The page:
by Thom Amundsen
I won’t allow you inside tonight,
keep you just at bay,
stay away from me you’re a fright
always getting in my way.
I remember the first time you spoke,
the words spilled out in chaos
a defensive burden, a speechless choke
the alarm of knowing my loss.
You took away everything I loved so far
in a life short yet incomplete
I didn’t understand you were my czar
to help me define my defeat.
I want this, I need this, I screamed inside,
with an external facade of grief,
To those I loved I continued, I would deride
for their inane illogical idyllic belief.
I was especially unhappy when defined
my world was wrapped deep within
a lifestyle I’d discovered far less refined
than certain peace you’d suggest a given.
I became dependent upon your own scrutiny,
that habitual creation of shattered will
my life wallowed slow toward certain insanity
while artificial stimulants would be my fill.
The crash and burn of a societal taboo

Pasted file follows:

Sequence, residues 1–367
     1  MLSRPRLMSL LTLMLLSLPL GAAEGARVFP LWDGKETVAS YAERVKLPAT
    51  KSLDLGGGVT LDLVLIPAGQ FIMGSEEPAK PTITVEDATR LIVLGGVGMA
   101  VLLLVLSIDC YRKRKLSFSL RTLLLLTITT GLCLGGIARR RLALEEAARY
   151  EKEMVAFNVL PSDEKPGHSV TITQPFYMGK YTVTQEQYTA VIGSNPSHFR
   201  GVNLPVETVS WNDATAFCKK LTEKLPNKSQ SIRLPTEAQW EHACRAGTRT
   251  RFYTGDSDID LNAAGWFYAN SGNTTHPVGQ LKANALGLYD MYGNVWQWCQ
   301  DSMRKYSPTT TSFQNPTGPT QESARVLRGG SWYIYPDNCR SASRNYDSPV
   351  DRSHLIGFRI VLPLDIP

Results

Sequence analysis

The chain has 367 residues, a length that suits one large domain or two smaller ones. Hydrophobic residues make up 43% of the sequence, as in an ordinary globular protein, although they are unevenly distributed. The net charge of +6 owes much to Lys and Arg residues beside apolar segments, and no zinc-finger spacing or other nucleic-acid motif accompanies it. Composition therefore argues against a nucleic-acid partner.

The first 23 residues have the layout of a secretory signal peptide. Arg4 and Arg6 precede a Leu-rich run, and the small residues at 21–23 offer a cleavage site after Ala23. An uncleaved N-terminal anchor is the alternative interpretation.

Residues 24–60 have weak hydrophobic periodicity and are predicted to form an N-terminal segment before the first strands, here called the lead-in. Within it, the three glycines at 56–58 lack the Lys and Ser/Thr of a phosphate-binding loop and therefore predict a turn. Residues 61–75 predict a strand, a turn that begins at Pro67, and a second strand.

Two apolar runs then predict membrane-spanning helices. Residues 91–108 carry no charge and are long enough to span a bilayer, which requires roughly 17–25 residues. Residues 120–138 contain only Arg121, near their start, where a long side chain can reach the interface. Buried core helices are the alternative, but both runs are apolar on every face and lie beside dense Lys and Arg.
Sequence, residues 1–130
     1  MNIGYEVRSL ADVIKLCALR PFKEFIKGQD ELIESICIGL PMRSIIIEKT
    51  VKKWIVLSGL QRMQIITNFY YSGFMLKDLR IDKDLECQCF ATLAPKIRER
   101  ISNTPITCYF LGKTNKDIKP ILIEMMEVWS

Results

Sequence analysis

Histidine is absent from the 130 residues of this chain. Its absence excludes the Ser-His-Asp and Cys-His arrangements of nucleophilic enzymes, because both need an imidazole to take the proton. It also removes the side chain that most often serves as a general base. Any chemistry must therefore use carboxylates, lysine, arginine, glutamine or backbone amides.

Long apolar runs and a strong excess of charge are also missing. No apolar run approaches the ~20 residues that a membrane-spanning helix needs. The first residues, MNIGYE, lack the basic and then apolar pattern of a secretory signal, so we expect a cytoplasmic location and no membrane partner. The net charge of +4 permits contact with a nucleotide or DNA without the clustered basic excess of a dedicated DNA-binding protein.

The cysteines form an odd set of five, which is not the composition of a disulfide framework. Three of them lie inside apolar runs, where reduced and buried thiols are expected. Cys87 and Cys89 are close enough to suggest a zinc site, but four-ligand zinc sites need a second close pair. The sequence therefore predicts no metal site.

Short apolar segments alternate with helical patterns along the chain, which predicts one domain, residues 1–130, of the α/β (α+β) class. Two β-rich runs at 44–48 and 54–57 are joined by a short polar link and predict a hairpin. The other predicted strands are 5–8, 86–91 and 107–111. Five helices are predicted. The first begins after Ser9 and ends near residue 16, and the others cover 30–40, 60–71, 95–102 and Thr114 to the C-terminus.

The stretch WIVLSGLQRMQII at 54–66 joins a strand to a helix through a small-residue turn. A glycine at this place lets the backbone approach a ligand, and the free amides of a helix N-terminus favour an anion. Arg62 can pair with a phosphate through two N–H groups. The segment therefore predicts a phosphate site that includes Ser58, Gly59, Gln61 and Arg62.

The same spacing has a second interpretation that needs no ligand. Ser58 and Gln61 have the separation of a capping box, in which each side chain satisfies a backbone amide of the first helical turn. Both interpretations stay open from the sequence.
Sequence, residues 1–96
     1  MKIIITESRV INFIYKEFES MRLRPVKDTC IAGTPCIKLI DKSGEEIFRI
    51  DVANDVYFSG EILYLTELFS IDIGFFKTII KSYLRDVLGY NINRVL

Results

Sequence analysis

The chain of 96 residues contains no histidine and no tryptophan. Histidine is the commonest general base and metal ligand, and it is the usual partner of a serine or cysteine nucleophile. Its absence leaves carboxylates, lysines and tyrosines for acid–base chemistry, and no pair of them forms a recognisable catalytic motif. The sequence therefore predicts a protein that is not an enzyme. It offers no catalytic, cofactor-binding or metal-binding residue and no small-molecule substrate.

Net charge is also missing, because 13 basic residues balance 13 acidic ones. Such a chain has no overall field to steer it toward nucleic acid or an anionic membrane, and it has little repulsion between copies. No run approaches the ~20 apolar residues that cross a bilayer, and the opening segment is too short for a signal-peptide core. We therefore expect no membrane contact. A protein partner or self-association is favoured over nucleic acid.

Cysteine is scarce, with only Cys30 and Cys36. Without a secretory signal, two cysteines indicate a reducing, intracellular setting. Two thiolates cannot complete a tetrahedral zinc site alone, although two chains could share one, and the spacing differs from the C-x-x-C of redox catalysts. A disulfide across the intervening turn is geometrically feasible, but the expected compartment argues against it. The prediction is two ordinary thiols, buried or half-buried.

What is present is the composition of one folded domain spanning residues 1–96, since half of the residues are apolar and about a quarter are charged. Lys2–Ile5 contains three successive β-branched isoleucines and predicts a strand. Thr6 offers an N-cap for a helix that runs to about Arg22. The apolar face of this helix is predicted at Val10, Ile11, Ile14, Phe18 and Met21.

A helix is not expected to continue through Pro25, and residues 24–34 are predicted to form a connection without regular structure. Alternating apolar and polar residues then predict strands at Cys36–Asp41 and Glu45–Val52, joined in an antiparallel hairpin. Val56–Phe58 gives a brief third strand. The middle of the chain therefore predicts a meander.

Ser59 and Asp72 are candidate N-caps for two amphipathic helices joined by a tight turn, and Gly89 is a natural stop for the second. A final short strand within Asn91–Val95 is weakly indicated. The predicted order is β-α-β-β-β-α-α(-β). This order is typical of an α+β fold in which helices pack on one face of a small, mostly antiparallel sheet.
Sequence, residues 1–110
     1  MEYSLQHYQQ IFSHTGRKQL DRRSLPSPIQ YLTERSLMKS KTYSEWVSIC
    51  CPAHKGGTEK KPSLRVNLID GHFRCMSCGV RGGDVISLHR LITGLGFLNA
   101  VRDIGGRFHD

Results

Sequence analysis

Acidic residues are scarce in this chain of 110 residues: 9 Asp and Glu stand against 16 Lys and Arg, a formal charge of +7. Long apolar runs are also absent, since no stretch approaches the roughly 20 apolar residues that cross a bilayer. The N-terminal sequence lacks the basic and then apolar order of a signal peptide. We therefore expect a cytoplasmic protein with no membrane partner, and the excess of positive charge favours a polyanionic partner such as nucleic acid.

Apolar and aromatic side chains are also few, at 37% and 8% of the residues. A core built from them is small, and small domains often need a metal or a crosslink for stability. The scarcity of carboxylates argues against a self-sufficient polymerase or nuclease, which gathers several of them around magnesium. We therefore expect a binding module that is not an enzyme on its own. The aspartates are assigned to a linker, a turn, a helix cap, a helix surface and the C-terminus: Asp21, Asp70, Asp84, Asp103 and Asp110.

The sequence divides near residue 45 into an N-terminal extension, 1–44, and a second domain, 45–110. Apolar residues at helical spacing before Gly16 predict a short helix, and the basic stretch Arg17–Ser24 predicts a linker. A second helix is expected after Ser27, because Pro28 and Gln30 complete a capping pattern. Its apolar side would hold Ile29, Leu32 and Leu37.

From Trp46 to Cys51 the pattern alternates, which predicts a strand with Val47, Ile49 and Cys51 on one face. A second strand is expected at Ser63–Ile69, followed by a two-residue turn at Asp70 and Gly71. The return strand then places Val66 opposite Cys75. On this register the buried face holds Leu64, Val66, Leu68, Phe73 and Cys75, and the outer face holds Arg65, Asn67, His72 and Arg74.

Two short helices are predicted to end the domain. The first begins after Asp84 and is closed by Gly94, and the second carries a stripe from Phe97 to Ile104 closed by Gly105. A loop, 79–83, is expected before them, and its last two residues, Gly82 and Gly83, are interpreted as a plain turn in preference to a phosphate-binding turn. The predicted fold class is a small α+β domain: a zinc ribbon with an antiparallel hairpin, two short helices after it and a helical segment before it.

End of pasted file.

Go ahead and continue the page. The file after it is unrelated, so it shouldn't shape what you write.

wandered into my livelihood.
Soon there began a surge of hiss and boo,
a spiritual gift is hope that I could
achieve new levels of sanity that remained
nearby if I chose, I had to believe
every aspect of relief and peace now gained
became a fuel to your loss; I still grieve
only in fantasy, only in the reality of dreams
can you ever master addiction, return it seems.
ABOUT THE AUTHOR
Thom Amundsen is T-I-R's poet laureate. He teaches, he writes, he directs, he simply is—a husband, a father, a friend, a fellow traveler in recovery. He keeps the blog of his recovery and transformation-based poetry, I'm a Teacher, Again.